Leaked government documents outlining the need to prevent escape, double lock doors and constantly monitor detainees in China’s network of internment camps in Xinjiang refute Beijing’s defense of “vocational education centers” in the region, experts say.

Obtained by the International Consortium of Investigative Journalists (ICIJ) and published by 17 media outlets worldwide on Sunday, the documents show the strict protocols governing life in the camps in Xinjiang, where an estimated one million Uighurs and other mostly Muslim minorities are held.

In one document, local officials are told to monitor inmates at all times – including during toilet breaks – to prevent escape.

Staff are also banned from befriending inmates and engaging in “personal interactions” to prevent “collusion,” the document read.

“It shatters (the Chinese Communist Party’s) CCP’s narrative about these camps as benign vocational training centers where Uighurs and other Chinese Muslim(s) willingly undertake training,” said James Leibold, an expert on ethnic relations in China and a professor at Melbourne’s La Trobe University.

Instead, the documents outline “in the Party’s own words … the calculated, coercive, and extrajudicial nature of these detentions,” he said.

The leak comes one week after The New York Times reported, based on more than 400 pages of internal papers it had obtained, that Chinese President Xi Jinping ordered officials to act with “absolutely no mercy” against separatism and extremism in a 2014 speech following a Uighur militant attack on a train station.

After initially denying their existence, China acknowledged it had opened “vocational education centers” in Xinjiang aimed at preventing extremism by teaching Mandarin and job skills.

Former detainees describe the facilities as indoctrination camps that are part of a campaign to eradicate Uighur culture and religion.

The latest leak consists of a list of guidelines Xinjiang’s security chief approved in 2017 for running the detention camps, along with intelligence briefings that show how police use data collection and artificial intelligence to select residents for detention.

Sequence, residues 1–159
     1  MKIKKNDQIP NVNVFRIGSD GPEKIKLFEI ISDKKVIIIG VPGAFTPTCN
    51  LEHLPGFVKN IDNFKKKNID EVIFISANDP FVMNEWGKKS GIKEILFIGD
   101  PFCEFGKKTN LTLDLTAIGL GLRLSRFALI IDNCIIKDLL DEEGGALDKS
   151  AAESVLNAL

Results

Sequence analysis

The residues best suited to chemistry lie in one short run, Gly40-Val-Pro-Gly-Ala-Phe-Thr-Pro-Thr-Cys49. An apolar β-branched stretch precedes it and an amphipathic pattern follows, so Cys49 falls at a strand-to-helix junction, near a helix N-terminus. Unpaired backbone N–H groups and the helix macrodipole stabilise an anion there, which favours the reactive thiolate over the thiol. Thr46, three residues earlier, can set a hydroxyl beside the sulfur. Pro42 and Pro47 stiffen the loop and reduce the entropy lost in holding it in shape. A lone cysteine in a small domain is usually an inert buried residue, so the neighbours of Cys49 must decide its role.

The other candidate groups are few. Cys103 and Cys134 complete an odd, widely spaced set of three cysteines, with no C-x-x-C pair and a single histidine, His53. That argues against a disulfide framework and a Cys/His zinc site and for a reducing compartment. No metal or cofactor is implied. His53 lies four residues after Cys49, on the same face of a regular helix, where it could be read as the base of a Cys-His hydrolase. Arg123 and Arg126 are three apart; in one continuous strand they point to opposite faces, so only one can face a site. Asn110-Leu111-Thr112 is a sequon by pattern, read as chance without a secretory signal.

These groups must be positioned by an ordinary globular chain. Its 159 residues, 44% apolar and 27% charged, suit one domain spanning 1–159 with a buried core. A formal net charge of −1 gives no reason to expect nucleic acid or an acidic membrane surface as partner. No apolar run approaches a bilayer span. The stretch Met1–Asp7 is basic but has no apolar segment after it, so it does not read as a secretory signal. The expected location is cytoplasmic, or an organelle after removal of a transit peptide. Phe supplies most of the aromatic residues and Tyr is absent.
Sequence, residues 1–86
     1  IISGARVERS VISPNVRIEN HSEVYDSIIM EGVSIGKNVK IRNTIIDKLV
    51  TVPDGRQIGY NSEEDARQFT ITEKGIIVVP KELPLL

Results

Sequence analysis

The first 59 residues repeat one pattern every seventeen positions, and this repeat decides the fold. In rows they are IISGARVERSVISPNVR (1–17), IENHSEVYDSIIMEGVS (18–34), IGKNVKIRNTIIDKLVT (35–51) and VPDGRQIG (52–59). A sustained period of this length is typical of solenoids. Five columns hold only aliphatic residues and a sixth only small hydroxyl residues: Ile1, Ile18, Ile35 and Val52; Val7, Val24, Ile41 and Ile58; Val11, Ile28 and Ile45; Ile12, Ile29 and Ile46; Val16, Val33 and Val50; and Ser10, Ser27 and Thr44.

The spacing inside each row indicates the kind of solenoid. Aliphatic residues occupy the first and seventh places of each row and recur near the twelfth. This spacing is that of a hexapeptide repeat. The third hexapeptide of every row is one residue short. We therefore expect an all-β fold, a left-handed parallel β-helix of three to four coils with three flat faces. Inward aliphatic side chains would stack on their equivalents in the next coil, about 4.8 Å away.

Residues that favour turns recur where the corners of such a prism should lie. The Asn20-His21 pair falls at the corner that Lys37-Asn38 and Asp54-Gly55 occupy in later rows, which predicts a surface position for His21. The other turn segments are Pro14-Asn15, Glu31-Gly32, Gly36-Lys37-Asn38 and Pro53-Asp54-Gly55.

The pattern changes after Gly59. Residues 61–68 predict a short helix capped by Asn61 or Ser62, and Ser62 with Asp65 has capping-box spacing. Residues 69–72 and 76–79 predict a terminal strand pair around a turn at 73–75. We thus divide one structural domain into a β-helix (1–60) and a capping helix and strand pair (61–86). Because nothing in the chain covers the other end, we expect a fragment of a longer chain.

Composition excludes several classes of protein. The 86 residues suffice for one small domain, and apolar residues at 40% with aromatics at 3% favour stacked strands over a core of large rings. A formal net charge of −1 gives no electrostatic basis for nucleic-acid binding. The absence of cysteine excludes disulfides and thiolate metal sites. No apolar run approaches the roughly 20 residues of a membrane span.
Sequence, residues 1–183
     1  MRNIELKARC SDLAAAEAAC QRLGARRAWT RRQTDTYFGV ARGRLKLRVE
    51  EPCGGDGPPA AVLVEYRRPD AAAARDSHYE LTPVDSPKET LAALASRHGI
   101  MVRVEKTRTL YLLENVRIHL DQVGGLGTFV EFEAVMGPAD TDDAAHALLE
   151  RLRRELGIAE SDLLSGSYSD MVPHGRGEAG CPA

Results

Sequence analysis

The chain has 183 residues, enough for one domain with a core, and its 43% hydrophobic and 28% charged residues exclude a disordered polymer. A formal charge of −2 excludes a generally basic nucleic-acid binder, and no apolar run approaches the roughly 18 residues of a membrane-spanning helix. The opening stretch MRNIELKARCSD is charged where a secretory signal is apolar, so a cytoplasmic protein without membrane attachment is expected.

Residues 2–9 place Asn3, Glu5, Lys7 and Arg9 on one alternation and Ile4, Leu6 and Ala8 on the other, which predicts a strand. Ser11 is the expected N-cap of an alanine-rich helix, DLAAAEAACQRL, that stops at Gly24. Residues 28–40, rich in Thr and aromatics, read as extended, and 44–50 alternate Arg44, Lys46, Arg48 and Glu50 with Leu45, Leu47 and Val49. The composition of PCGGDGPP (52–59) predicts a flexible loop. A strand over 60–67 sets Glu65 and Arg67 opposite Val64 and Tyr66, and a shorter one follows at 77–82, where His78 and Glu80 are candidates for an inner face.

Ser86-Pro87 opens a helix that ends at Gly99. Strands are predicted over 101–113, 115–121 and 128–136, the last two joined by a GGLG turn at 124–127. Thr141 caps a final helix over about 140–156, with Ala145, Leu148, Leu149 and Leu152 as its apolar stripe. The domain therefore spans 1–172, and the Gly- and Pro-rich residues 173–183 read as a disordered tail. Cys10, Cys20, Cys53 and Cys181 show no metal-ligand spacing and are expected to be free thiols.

Officials were ordered to keep strict secrecy about the “highly sensitive” centers, with staff forbidden from bringing mobile phones or cameras into “teaching and management areas,” according to one document.

Referring to detainees as students who must “graduate” from the camps, the guidelines lay out how staff should manage their day-to-day lives, such as by ensuring “timely haircuts and shaves,” while also emphasizing that detainees are barred from having cellphones, according to an English translation of the memo posted by ICIJ.

Full video surveillance

“Students … may not contact the outside world apart from during prescribed activities,” the memo reads, adding that staff should “strictly manage students requesting time off.”

If indeed the so-called students “really need to leave the training center due to illness or other special circumstances, they must have someone specially accompany, monitor and control them.”

The memo says inmates should be judged based on a points system that measures “ideological transformation, study and training, and compliance with discipline.”

“There must be full video surveillance coverage of dormitories and classrooms free of blind spots, ensuring that guards on duty can monitor in real-time, record things in detail, and report suspicious circumstances immediately,” it adds.

ICIJ’s documents also bolstered existing reports on the “Integrated Joint Operation Platform” (IJOP), a surveillance app previously reported on by Human Rights Watch.

According to a leaked bulletin from June 2017, more than 15,000 people in Xinjiang were sent to “education and training” because of IJOP, while about 2,000 were placed under “preventative surveillance.”

Even Xinjiang residents outside the country were subject to surveillance, the documents showed.

According to another bulletin from June 2017, the Chinese government recorded 1,535 individuals from Xinjiang with foreign nationality who had applied for Chinese visas.

Those “for whom suspected terrorism cannot be ruled out” and had canceled their Chinese citizenship were to be deported, while those who had not were “first be placed into concentrated education and training,” it said.

According to the memo, “students” must stay in detention for at least one year, though that is not always enforced, former inmates told ICIJ.

The Chinese embassy in London rejected the documents, telling The Guardian, one of the partners in publishing the memos, that they were “pure fabrication and fake news.”

“There are no such documents or orders for the so-called ‘detention camps’. Vocational education and training centers have been established for the prevention of terrorism,” the statement read.

AFP